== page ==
You can reduce your risk of ]]>angina]]> and ]]>CAD]]> by making certain lifestyle changes. These include:

Lose Excess Weight

Excess weight puts a strain on the heart muscle, which eventually can lead to angina and CAD. If you are overweight or ]]>obese]]> , adopt a sensible eating plan and exercise regularly to ]]>lose weight]]> gradually, and maintain your weight at the desired level.

Quit Smoking

]]>Smoking]]> damages your blood vessels, reduces the amount of oxygen in your blood, and forces your heart to work harder. Discuss with your doctor the best way to help you ]]>quit smoking]]> .

Limit Alcohol Intake

Alcohol should be limited to no more then 1 to 2 ounces a day. In this quantity, alcohol may have a beneficial effect on raising your good cholesterol (HDL).

Limit Fat and Cholesterol

Diets that are high in saturated fat, trans fat, and cholesterol increase your risk of CAD. Saturated fat and cholesterol are found in animal products, most dairy products (such as milk, cream, and cheese), lard, and palm and coconut oils, among other foods. Trans fat is found in margarine and vegetable shortening, as well as foods containing these products. A registered dietitian can help you reduce saturated fats and cholesterol in your diet. Good dietary choices include fresh fruits and vegetable, as well as lean meats and fish—particularly fish rich in ]]>omega-3 fatty acids]]> , such as salmon.

Talk to Your Doctor About Taking Medicine

Taking a low-dose ]]>aspirin]]> every day may help to reduce your risk of heart attack and stroke. Most people are able to tolerate aspirin. But, in rare cases, even small amounts can lead to serious bleeding, particularly from the gastrointestinal (GI) tract. Also, aspirin may not work as well when combined with other pain medicines. Talk to your doctor about whether daily aspirin therapy is right for you.

Another option is to take statin drugs. Statins are used to treat ]]>high cholesterol]]> . But, some statins can be used even if you do not have cholesterol problems. If you are a man over age 50 or a women over age 60 with certain risk factors (eg, elevated C-reactive protein, ]]>high blood pressure]]> , low HDL "good" cholesterol, smoking), your doctor may recommend that you take ]]>rosuvastatin]]> to reduce your risk of heart disease.

Control Blood Glucose Levels If You have Diabetes

People who have ]]>diabetes]]> may reduce their risk of ]]>heart attack]]> or other cardiac events if they maintain their blood glucose near normal levels. There are many other proven health benefits to maintaining tight control of blood glucose. If you have diabetes, talk to your doctor about ways to manage your blood sugar.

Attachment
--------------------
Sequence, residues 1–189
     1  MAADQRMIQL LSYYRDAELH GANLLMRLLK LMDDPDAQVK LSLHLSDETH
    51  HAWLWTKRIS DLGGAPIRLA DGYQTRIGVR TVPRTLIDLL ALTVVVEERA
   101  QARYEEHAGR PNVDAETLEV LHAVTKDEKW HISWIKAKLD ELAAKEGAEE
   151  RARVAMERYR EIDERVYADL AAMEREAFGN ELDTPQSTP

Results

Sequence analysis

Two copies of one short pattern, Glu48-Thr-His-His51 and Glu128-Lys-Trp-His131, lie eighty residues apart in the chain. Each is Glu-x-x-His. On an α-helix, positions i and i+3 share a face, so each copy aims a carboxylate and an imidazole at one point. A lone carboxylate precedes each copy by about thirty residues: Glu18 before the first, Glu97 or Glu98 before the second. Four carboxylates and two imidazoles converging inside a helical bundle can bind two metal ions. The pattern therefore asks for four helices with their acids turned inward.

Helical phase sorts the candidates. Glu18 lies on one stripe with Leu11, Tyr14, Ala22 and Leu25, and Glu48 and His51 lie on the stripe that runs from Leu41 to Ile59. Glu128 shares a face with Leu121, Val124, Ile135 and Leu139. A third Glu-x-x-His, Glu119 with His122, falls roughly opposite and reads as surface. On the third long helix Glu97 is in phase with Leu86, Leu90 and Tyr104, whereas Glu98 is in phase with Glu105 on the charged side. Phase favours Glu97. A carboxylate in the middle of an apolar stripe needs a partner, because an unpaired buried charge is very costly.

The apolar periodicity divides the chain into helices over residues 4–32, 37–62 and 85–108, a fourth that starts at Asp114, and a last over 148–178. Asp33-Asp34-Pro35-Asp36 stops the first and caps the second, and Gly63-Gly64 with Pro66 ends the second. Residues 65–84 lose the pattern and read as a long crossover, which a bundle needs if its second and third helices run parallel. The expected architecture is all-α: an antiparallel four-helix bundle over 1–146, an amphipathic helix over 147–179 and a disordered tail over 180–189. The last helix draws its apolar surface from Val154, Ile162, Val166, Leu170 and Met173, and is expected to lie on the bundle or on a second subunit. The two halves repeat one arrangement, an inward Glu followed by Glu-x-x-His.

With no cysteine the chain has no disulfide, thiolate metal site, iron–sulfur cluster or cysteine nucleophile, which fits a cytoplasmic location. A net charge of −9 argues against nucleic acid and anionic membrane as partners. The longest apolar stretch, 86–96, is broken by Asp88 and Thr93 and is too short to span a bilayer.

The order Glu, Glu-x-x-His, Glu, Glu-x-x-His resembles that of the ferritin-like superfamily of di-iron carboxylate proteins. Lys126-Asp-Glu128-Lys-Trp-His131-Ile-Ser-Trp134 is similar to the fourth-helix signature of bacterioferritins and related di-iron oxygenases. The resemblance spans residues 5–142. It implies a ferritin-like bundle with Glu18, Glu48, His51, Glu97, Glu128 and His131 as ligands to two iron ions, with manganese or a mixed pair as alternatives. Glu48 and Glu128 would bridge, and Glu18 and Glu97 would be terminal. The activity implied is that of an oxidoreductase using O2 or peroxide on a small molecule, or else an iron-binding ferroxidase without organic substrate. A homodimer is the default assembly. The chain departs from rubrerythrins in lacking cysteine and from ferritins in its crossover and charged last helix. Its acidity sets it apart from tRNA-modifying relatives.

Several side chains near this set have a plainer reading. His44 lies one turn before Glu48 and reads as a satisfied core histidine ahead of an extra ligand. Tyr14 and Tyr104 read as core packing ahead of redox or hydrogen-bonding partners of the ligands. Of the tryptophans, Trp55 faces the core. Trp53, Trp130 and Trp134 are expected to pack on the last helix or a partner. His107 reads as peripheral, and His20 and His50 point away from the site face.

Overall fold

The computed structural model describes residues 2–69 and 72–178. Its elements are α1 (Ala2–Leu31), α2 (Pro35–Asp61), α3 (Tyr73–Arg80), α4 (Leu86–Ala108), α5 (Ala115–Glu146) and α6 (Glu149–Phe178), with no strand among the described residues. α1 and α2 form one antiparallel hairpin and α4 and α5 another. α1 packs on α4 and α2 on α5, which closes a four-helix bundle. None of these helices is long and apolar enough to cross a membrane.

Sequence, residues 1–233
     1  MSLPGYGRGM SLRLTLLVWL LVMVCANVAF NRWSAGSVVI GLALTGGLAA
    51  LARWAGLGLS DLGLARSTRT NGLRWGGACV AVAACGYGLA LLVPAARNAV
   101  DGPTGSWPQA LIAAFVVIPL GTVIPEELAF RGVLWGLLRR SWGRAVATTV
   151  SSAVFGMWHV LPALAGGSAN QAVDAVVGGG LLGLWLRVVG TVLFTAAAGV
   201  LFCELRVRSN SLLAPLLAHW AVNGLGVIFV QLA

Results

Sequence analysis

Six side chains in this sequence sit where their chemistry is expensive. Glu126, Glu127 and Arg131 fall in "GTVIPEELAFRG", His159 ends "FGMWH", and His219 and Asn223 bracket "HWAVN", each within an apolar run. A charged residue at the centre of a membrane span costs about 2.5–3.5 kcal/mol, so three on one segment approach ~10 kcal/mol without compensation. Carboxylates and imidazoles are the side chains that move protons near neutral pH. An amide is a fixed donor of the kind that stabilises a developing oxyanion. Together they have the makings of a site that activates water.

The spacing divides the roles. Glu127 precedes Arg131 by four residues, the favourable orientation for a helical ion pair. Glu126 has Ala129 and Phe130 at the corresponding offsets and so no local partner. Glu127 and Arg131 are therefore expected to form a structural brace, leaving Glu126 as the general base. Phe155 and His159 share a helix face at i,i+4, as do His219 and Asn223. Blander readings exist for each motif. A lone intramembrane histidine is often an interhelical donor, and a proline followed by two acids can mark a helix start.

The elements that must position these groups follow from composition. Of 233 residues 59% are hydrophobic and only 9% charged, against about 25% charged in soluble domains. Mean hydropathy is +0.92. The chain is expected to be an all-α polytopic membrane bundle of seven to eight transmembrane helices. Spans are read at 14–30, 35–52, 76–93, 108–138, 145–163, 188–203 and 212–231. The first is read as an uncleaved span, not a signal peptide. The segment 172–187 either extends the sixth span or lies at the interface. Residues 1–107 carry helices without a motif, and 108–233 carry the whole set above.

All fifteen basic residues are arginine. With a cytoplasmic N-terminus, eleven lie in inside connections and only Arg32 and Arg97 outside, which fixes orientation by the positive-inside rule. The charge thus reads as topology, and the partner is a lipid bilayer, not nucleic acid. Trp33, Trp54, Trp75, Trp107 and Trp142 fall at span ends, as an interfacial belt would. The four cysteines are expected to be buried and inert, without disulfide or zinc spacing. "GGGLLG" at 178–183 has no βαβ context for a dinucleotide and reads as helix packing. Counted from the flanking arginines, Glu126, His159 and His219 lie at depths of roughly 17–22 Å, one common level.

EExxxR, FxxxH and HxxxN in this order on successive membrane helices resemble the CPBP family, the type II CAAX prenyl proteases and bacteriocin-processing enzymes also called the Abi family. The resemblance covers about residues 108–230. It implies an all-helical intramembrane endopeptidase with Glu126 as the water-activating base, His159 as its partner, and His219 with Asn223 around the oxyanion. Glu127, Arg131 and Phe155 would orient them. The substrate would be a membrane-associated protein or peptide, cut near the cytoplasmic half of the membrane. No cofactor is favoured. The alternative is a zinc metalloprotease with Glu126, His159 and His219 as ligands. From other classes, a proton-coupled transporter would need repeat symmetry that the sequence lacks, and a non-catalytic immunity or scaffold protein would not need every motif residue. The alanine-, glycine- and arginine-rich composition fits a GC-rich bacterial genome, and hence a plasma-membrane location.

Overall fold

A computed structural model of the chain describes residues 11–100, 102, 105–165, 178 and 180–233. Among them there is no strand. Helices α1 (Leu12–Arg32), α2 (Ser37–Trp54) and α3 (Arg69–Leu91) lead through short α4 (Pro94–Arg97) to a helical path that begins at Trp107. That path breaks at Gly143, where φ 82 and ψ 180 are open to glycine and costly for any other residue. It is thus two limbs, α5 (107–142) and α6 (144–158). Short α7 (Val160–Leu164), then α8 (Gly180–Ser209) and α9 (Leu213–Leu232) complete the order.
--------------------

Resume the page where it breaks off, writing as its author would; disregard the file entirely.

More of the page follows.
Maintain Normal Blood Pressure

]]>High blood pressure]]> (hypertension) is one of the most critical risk factors for angina and coronary artery disease. Hypertension causes the heart muscles to work harder; the increased strain on the heart can lead to heart failure. Discuss with your doctor the best way to reach and maintain a healthy blood pressure, which involves diet, weight and exercise controls, and possibly medicine.

Exercise Regularly

For people who have not yet developed CAD, regular aerobic exercise, such as brisk walking or using a stationary bike or treadmill, is recommended. ]]>Exercise]]> will strengthen the heart muscle and can help lower blood pressure. Exercise is recommended in moderation (at least 3-4 times a week for 30 minutes). However, if you already have CAD, talk to your doctor before starting any new exercise program.

Learn to Conquer Stress

Emotional stress may bring on anginal pain. Think about what you can do in your life to cut down on stressful activities and situations. Consider learning meditation, progressive relaxation, or other ]]>techniques]]> that you can use when you feel stressed. Try to work in an afternoon nap, since rest seems to be protective against both angina and stress.

When to Contact Your Doctor

There are some common warning signs that may signal angina and CAD. Contact your healthcare provider if you notice any of these symptoms:

  • Chest pain
  • Shortness of breath out of proportion to exercise or exertion
  • Increased fatigue